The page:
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|Lies We Tell|
dir Mitu Misra
scr Ewen Glass, Andy McDermott
prd Danny Gulliver, Andy McDermott, Malcolm Scott
with Gabriel Byrne, Sibylla Deen, Mark Addy, Jan Uddin, Harvey Keitel, Reece Ritchie, Gina McKee, Nicholas Farrell, Danica Johnson, Emily Atack, Manzar Sehbai-Pal, Harish Patel
release UK/US 2.Feb.18
Married to the mob: Byrne and Deen
|R E V I E W B Y R I C H C L I N E|
A fairly standard British thriller, this is a slickly made but murky, mopey movie with an unfocussed plot that gets lost in the manipulative editing. There's a lot of technical skill in the way the film is put together, but nothing about the story ever becomes clear enough to draw the audience in. Key details are dribbled in too late to generate sympathy, and messages are muddled.
In Yorkshire, Donald (Byrne) is a driver for shady tycoon Demi (Keitel), who asks him to discreetly clear out a lavish apartment he maintained for his young Muslim mistress Amber (Deen). With his wife (McKee) divorcing him, Donald lives with his brother-in-law Billy (Addy) and makes wine in his spare time. He also takes an interest in Amber's wellbeing. But this drags him into her messy past, when she was married to hotshot mobster KD (Uddin), who now wants to marry Amber's teen sister Miriam (Johnson).
Director Misra develops an overtly emotive tone from the start, playing up the character interaction without really defining how these people are connected. The cast is excellent, but without any context or narrative coherence, it's impossible for us to connect with anyone or even to work out who they are. Scenes are intriguing simply because they're shot and played in colourful ways, but it's impossible to engage with anyone or anything. Which means there's no suspense at all, which of course is a serious problem for a thriller.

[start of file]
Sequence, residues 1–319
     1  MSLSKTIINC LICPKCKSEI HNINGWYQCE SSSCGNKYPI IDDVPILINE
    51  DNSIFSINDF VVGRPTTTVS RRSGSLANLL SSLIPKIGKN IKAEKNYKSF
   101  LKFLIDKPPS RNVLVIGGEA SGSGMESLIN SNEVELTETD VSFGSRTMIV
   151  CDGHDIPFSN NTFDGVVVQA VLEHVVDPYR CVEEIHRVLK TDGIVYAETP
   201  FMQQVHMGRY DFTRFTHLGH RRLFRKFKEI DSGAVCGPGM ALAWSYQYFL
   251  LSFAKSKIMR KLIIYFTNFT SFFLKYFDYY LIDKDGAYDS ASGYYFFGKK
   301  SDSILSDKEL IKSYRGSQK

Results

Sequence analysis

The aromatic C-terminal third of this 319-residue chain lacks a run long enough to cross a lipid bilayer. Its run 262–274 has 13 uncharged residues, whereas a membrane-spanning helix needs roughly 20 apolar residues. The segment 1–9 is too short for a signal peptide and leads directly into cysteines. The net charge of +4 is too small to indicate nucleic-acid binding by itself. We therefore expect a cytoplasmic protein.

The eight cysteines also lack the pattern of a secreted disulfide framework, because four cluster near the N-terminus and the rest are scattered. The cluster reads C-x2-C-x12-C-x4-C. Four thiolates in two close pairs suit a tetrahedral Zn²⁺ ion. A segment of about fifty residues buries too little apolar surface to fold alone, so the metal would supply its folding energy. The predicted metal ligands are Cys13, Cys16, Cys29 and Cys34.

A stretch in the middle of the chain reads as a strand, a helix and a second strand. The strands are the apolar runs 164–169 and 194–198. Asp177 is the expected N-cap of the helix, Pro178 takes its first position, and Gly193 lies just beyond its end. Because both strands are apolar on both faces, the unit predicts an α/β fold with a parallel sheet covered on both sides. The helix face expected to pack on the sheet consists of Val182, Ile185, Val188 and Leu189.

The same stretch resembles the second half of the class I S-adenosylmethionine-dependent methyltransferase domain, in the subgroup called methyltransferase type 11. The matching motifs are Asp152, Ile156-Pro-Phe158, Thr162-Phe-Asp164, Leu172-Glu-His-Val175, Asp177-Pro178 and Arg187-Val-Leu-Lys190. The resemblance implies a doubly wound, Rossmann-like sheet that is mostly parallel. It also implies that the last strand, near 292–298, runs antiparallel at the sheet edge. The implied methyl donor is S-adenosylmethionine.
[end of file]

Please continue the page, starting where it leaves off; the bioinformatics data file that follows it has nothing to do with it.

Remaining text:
Byrne anchors the film nicely as the calm, understated Donald, who is clearly concealing some deep emotional scars (they reveal themselves later). Deen is solid as the most intriguing person on-screen, but the details about Amber's earlier experiences are far too sketchy to properly bring her to life. This leaves her family's drama feeling preachy and obvious, using the important religious/cultural issues as part of a contrived narrative. As a result, the other characters are merely one-note.
With undefined details in virtually every scene, watching this film feels like coming into a soapy TV series halfway through the season. Questions arise constantly relating to the past, and yet we haven't a clue how we should feel about what's happening. So we end up hanging on the throwaway scenes, which are nicely shot and played but tangential. And as things begin to come together, the movie becomes increasingly melodramatic, spending more time on social issues and uninvolving sideplots than the central characters.
|R E A D E R R E V I E W S|
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© 2018 by Rich Cline, Shadows on the Wall
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